'US officials wouldn't shake my hand fearing they would be fired' – Russia's ambassador to US
Russian envoy to the US Anatoly Antonov expressed hope that the US and Russian leaders will establish good chemistry at their upcoming summit, adding that when the two great powers are "in the same boat, the world can sleep well."
With less than two weeks to go until the summit between US President Donald Trump and his Russian counterpart, Vladimir Putin, in Helsinki, Antonov told RT that he does not expect a miracle, but hopes the highly anticipated meeting will give much-needed impetus to bilateral relations, which are currently on the rocks.
"This meeting will help to establish the so-called chemistry between them, and I hope that this chemistry will help to solve outstanding issues between the US and Russia," Antonov said, noting that "it goes without saying that there will be progress regarding bilateral relations as well as regional and world problems."
The role of Russia and the US, both members of the UN Security Council, in international affairs means they "bear special responsibility for peace and security," the ambassador said, adding that "when we are in the same boat on various issues, the whole world can sleep well."
On the other hand, if they fail to find common ground on pressing international issues of interest to both nations, such as the fight against terrorism, the world will become a less secure place, he said.
"We have to keep an eye on the international situation. If you see a quarrel between two super powers, it means that our planet is unstable, our peace is unstable."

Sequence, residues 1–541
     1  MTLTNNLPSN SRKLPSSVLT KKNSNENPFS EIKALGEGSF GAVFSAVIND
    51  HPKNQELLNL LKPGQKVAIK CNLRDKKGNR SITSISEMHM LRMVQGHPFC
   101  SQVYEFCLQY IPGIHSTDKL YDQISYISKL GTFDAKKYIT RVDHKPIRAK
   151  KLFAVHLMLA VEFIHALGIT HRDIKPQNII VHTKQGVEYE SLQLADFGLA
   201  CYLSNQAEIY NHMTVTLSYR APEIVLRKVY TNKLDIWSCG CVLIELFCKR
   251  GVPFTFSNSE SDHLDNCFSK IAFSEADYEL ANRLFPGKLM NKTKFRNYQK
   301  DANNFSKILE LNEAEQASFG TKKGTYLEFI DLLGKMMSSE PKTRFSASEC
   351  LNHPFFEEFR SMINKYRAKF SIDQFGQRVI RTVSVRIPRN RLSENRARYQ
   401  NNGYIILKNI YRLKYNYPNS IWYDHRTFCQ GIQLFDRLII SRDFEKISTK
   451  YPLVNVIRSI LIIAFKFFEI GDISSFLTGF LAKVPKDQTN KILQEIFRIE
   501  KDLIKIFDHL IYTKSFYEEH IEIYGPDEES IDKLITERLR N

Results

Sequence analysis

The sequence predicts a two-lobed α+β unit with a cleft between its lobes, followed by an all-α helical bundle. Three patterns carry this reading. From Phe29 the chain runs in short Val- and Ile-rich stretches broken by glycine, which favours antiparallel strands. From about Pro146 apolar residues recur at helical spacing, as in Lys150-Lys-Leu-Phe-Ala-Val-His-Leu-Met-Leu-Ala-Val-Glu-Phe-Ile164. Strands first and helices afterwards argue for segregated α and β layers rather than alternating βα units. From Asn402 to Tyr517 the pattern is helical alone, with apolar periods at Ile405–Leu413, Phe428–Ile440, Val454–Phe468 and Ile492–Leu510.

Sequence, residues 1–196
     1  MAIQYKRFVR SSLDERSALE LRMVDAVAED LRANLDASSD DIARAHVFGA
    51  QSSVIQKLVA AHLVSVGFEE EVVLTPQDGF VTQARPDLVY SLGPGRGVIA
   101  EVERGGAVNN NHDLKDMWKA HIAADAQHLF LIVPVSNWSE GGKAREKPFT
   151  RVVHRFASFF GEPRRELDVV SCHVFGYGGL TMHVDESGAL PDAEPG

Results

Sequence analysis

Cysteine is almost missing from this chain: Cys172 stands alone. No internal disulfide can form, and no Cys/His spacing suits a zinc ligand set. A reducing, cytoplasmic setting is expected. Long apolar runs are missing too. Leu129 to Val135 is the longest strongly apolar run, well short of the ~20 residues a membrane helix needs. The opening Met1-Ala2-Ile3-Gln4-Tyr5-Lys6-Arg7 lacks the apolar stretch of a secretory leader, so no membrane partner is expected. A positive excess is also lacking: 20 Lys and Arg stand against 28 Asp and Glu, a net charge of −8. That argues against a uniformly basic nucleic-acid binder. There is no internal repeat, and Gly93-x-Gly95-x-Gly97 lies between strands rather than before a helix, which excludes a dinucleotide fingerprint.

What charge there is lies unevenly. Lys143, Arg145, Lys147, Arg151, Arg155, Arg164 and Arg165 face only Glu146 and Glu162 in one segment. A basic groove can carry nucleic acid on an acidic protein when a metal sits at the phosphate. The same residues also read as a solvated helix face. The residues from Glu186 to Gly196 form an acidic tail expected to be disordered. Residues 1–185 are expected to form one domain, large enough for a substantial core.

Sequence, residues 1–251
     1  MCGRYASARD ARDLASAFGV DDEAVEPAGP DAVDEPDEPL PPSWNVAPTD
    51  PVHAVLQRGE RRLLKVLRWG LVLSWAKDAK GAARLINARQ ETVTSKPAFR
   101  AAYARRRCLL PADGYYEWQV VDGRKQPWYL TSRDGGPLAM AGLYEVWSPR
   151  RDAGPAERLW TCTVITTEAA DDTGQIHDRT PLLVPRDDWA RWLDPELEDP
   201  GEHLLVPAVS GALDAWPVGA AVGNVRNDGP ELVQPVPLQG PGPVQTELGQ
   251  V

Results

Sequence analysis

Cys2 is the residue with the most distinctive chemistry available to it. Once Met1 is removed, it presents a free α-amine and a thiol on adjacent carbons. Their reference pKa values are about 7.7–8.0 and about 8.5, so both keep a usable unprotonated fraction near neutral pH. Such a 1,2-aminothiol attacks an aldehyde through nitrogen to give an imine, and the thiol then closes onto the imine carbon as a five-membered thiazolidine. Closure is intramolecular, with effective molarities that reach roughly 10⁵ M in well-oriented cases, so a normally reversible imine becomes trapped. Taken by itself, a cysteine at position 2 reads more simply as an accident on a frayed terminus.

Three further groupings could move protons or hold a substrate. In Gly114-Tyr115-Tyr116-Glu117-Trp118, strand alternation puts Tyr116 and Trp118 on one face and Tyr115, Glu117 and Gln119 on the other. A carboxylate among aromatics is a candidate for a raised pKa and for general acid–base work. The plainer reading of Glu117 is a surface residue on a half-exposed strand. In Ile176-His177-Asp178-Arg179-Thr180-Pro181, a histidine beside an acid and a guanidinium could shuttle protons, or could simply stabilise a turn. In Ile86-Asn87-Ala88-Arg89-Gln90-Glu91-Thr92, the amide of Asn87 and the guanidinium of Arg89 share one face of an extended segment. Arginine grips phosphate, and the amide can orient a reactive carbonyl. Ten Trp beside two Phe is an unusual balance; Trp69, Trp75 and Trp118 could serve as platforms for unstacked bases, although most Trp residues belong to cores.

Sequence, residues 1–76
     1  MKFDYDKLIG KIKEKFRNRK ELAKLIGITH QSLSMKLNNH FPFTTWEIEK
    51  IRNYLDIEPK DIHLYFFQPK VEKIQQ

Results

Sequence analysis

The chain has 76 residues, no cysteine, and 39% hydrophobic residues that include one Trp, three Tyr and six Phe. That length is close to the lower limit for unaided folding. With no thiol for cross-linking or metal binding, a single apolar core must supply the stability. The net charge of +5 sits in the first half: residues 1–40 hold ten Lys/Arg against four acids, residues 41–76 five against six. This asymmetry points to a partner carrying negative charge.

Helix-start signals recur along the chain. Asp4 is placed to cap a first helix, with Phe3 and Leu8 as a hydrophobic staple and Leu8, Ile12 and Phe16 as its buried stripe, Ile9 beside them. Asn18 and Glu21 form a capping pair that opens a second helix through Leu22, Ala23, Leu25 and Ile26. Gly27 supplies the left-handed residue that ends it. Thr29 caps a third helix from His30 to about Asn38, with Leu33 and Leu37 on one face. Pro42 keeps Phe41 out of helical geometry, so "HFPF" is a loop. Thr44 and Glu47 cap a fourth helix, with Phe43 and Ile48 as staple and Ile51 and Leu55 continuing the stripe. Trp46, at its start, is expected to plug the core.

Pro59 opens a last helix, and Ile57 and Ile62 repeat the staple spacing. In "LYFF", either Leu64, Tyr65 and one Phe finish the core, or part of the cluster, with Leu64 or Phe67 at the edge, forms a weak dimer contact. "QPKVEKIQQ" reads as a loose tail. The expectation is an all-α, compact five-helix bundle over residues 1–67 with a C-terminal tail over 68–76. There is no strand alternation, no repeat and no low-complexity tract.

Recalling his first weeks as ambassador to the US last summer, Antonov said he could not have felt less welcome.
Antonov succeeded long-time Ambassador Sergey Kislyak in August, after the latter was thrust into the center of the Trump-Russia scandal. Every contact he had had with President Trump's associates was scrutinized and he was vilified as a "spy" by the US media.
"Of course, I felt a toxic atmosphere in Washington," Antonov said, noting that as the anti-Russia paranoia grew, he became a kind of pariah in Washington, with US officials steering clear of him in fear of repercussions.
"In the beginning of my activities here, I felt that many officials didn't want to see me, didn't want to shake my hand. Moreover, they said to me openly, 'If I shake your hand today, tomorrow I will be fired.'"
Since then, Antonov said, the situation has improved, with a delegation of US senators now on a visit to Russia ahead of the Trump-Putin summit. He also revealed that another US delegation will come to Moscow in August, but did not disclosed any details, adding that he hopes for a reciprocal visit of Russian legislators to Washington.
The Russian diplomat reiterated that Russia did not meddle in the 2016 US presidential election, and is ready to address all concerns his American colleagues might have, saying that Moscow has offered its assistance to US officials "many times" and proposed "real negotiations" on the issue, but received negative responses.
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